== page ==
Peopling – It’s (all) a learned thing

turkeysThere’s a lot going on with me, these days.

I’m in the process of looking for another job. Ideally, I’ll find a recurring contract situation that pays really good money and is low-commitment, which lets me bail on the 9-5 every 3-6 months or so, then get back in the swing of things (if I need to).

I’m also working on a couple of other businesses at the same time. They’re mine. One of them has been many years in the making. The other is about a year old. The other (which actually has the most $$$ potential for each individual transaction), I just started a few months ago, and it’s going pretty well.

Meanwhile, my partner is not doing well, cognitively, emotionally, and physically. No matter how supportive I am, she continuously makes decisions that erode her well-being. It’s complicated. Long story short, it’s not fun watching the love of your life decline before your very eyes.

Anyway, one area where I need to make some real progress is in how I deal with people. I notice, more and more, that I’m really getting more autistic as time passes. I think it has to do with how much more sensitive I keep getting. It’s like, every year I get more “cued-in” to what’s going on around me, and my sensory issues keep getting more heightened, as well as more intrusive.

So I need to acquire some new skills – particularly with negotiation.

Here’s the thing: I can be terrible with figuring people out. I mean, seriously. Some days, I can’t tell whether they love me or hate me, I can’t tell if they’re listening to me or ignoring me. I can’t tell whether I’m doing a great job in the interaction, or they’re just trying to get away from me.

Here’s the other thing:  Some days I can be 100% ON, when it comes to interacting with people. They respond to me, they love me, they feel a kinship with me.

But even when I’m ON, I have a really hard time reading the situation and knowing where to go next.

My Solution? To train myself in the appropriate process to interact with people and negotiate any human interaction.

If you think about it, pretty much every human interaction is a negotiation. People want things. They want things from me, they want things from you, they want things for themselves. And their interactions are geared to get those needs met.

My partner is a classic case of that. One of the reasons she’s so difficult to support, is that she gets very histrionic about her challenges and she “amps them up” for effect, to prompt pity and help from people around her… so they’ll help her do things that she really needs to do for herself.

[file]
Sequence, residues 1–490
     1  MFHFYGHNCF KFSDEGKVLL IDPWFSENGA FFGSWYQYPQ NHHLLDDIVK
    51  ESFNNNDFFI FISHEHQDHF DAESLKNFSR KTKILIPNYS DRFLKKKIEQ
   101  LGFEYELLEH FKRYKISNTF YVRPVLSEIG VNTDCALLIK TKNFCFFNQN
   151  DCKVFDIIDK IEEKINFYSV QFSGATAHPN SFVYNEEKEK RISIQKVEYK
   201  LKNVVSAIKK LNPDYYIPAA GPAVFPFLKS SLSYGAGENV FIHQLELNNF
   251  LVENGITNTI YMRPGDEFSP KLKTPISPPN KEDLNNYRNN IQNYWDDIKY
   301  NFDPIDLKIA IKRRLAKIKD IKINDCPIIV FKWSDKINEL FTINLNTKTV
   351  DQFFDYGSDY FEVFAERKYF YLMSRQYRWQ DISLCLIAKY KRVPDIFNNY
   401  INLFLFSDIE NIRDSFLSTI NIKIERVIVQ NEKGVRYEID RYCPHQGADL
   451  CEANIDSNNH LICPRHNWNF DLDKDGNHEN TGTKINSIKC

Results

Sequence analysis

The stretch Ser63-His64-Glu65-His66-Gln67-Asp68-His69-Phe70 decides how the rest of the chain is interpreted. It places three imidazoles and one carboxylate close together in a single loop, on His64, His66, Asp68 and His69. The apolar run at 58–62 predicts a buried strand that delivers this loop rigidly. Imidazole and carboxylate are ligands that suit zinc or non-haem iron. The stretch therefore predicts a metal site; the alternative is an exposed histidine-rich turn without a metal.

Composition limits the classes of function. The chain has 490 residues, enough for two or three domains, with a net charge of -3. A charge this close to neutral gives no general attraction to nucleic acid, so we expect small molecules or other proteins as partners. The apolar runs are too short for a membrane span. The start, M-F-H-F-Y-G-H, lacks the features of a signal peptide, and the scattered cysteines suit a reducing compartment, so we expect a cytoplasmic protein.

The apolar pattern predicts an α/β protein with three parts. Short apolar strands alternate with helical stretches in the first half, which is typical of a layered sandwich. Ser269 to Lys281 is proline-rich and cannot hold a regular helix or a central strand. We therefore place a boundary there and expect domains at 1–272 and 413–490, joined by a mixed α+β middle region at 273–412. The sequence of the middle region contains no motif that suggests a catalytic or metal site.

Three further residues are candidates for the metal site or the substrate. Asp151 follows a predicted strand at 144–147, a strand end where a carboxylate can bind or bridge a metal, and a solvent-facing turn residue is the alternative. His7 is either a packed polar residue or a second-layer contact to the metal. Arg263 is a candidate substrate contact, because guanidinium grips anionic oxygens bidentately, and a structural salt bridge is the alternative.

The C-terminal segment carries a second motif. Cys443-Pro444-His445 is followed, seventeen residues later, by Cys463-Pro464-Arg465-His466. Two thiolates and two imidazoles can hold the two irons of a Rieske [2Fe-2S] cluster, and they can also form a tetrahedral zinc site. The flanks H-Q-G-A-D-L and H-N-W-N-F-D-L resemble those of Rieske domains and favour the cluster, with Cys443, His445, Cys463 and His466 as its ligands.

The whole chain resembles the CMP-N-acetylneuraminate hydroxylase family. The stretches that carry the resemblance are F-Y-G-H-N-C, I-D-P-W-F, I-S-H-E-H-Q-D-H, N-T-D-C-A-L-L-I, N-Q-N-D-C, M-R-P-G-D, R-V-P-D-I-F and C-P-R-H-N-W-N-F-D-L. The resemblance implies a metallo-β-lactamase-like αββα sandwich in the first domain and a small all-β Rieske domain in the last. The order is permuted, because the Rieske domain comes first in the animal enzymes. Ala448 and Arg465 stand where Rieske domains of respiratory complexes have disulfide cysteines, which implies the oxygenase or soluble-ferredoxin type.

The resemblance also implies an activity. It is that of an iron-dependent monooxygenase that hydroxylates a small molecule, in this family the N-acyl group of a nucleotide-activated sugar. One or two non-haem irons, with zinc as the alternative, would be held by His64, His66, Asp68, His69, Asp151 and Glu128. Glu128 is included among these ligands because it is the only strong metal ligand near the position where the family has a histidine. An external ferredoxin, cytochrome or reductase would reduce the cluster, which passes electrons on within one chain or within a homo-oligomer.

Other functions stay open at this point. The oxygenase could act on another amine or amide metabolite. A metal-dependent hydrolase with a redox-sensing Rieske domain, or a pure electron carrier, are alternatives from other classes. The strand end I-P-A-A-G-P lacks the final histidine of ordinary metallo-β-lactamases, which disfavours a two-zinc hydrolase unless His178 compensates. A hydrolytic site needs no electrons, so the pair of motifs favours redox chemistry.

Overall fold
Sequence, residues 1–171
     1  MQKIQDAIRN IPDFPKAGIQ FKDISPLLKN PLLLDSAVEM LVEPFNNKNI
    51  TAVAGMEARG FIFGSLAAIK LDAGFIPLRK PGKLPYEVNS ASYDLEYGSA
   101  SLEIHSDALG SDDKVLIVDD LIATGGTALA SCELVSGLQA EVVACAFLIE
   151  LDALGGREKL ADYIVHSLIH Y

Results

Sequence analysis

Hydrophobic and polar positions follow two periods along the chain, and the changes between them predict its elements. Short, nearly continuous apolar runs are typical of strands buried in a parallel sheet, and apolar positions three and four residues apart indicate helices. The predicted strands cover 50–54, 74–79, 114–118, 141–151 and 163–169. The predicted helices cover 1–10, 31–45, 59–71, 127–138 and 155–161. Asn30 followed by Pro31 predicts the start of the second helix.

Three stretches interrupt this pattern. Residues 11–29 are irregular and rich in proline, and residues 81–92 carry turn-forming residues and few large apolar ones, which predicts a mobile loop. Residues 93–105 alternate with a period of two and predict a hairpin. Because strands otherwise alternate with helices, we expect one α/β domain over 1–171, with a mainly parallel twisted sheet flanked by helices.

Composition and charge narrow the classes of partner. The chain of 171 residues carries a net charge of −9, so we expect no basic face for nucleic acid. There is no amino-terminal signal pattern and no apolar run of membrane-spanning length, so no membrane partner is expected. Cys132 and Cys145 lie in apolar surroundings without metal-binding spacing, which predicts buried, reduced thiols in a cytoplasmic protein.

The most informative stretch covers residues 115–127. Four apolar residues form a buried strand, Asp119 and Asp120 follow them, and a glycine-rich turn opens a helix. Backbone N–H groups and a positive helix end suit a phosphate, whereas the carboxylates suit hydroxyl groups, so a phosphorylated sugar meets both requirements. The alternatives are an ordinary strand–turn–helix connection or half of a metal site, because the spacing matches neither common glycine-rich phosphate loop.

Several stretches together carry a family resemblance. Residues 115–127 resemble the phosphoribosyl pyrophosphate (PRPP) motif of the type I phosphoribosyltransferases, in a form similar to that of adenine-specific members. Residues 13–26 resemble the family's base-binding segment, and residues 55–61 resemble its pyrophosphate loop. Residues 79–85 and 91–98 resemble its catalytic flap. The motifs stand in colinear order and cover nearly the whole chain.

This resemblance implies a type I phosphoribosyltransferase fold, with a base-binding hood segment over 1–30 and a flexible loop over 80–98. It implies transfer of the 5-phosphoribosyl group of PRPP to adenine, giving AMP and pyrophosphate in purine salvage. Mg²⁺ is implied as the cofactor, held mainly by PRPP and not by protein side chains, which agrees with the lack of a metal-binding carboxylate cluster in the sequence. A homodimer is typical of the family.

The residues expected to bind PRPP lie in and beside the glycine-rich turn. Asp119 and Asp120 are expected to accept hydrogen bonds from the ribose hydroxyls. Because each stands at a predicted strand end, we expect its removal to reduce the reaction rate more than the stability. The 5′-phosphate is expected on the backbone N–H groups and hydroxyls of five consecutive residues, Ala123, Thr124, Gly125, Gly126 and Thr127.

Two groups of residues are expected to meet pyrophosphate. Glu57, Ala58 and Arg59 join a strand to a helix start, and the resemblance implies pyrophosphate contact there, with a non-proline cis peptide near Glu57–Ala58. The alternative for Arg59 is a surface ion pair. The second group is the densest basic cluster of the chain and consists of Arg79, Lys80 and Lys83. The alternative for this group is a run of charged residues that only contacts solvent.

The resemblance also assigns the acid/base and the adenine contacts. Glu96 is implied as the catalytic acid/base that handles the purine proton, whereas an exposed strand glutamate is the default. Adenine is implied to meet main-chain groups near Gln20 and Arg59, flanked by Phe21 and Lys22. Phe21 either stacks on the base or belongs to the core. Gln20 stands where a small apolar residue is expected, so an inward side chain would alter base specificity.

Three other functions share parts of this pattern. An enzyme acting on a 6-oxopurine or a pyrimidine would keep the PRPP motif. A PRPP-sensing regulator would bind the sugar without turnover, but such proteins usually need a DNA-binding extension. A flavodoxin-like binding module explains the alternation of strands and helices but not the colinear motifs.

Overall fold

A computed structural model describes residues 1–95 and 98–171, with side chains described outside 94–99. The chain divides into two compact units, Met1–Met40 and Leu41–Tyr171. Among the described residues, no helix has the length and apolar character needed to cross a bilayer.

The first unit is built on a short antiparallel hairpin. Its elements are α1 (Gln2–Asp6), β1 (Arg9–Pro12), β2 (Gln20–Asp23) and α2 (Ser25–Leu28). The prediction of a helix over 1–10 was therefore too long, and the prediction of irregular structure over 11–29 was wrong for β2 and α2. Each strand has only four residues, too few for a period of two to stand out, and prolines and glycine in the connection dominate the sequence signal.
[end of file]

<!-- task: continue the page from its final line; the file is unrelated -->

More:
In front of other people, she makes a big show of how hard it is for her to do things. There’s much groaning and moaning and displays of difficulty. And everyone runs to her assistance to help her do things she needs to keep doing for herself, in order to stay strong and healthy.

But when nobody is watching, she does those same things for herself. She gets herself out of bed. She makes her coffee and toast. She moves around the house. She takes care of things. It’s completely different from when someone is nearby. Then, she appears to be almost completely disabled.

That’s an extreme example, of course. Not everyone is as histrionic as she is, nor do they manipulate others to that extent (and to their own detriment). But you know what I mean. Probably. Everybody wants something from interactions. Especially neurotypicals.

So, I need to get educated about how to manage that. Because my life isn’t getting any easier, and I need extra skills to A) negotiate a job change, B) expand my existing businesses, and C) really work out how to just deal with people effectively.

I need a script. I need a road map. And I’ve been watching YouTube videos about how to put together that road map. As artificial as it sounds, I keep hearing that you can script out your interactions and follow a process to lead people down a certain path of interaction. It sounds a little “Pied Piper”-ish, but apparently, people like to follow others’ leads, so I need to put myself in a leadership position when I deal with others.

It sounds a little tiring. But I’ve actually gotten in the habit of doing that, since just “winging it” with other people is so fraught for me, and it’s way too anxiety-producing. What I do is immediately take the lead in pretty much all my interactions – I talk to people first, I comment on things, I put ideas out there, I step into the void of silence and uncertainty between us, and I give them something to react to. And then I keep leading them into that void, giving them the chance to respond safely. They don’t have to come up with anything novel, themselves. They just have to react to what I’ve put out there.

And it works. For us all.

My technique is a little clunky, however, so I need to fine-tune it. That’s what I’m doing, watching videos about establishing rapport, negotiation, sales and prospecting processes… basically learning what I need, to be more comfortable in my own skin. I’m actually finding sales training videos to be very helpful, because they are about establishing rapport and bringing people over to your side.